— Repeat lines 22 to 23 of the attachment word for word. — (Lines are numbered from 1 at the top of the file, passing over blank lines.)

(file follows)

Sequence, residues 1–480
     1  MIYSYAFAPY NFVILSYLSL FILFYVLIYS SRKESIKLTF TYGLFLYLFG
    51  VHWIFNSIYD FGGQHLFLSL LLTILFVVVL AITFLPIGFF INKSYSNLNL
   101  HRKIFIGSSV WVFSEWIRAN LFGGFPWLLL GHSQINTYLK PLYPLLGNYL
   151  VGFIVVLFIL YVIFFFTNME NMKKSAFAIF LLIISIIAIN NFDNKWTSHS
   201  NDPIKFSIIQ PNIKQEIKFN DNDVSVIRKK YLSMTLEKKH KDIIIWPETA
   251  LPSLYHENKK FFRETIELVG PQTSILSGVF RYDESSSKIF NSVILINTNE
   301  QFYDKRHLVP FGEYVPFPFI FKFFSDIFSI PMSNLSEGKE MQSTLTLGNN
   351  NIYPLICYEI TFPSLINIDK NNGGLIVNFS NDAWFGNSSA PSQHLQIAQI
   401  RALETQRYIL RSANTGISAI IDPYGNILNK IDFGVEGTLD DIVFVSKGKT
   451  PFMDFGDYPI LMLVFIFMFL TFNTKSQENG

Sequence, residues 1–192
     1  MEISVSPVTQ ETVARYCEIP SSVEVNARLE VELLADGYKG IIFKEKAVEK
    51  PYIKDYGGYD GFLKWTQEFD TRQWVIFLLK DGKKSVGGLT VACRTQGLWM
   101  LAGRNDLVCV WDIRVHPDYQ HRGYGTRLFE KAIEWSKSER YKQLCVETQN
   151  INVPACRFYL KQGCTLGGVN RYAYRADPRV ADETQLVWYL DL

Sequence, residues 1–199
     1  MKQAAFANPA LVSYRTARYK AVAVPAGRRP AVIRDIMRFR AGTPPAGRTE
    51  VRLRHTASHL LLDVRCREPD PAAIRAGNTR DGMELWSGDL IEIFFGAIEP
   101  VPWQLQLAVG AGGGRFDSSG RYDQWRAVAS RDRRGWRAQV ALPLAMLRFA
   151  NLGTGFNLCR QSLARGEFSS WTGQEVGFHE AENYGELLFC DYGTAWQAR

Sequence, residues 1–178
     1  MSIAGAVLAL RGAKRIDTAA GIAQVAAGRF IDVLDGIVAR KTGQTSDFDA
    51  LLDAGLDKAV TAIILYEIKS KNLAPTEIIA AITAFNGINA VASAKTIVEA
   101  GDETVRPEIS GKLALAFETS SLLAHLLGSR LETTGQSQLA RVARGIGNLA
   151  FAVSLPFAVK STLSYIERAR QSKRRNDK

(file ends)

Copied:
Sequence, residues 1–178
     1  MSIAGAVLAL RGAKRIDTAA GIAQVAAGRF IDVLDGIVAR KTGQTSDFDA